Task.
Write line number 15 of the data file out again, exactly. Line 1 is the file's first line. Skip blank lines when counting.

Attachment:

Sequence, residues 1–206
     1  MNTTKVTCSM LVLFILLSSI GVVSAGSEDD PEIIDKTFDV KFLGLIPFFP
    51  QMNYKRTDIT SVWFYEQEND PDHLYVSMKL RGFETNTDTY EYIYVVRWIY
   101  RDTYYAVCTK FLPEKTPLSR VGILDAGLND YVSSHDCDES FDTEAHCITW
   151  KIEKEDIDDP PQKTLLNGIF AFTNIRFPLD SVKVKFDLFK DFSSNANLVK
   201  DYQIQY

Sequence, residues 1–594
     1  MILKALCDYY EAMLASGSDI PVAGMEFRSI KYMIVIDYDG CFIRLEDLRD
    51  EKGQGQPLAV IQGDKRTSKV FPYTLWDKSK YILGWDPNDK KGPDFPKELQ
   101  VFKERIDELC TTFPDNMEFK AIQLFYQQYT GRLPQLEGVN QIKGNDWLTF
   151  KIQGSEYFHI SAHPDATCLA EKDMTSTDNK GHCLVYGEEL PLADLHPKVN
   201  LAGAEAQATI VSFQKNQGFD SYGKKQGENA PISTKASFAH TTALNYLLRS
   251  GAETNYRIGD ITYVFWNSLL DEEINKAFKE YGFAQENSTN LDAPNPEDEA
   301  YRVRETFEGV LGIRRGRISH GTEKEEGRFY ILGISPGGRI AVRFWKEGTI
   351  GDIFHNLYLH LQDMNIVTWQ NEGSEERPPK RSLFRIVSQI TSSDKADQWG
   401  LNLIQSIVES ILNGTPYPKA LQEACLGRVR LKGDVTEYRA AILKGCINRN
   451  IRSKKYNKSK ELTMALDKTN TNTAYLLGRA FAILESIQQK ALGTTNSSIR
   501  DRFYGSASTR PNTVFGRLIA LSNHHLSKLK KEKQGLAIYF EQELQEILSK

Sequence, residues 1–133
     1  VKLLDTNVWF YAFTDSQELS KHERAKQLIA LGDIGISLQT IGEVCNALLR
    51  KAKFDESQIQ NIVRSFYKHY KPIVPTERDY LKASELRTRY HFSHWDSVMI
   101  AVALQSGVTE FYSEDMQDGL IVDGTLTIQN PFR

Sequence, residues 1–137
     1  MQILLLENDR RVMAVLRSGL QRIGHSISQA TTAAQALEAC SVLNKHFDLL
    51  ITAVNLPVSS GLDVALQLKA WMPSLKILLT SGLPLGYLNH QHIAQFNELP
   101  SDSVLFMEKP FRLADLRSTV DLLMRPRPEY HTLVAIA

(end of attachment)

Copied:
   351  GDIFHNLYLH LQDMNIVTWQ NEGSEERPPK RSLFRIVSQI TSSDKADQWG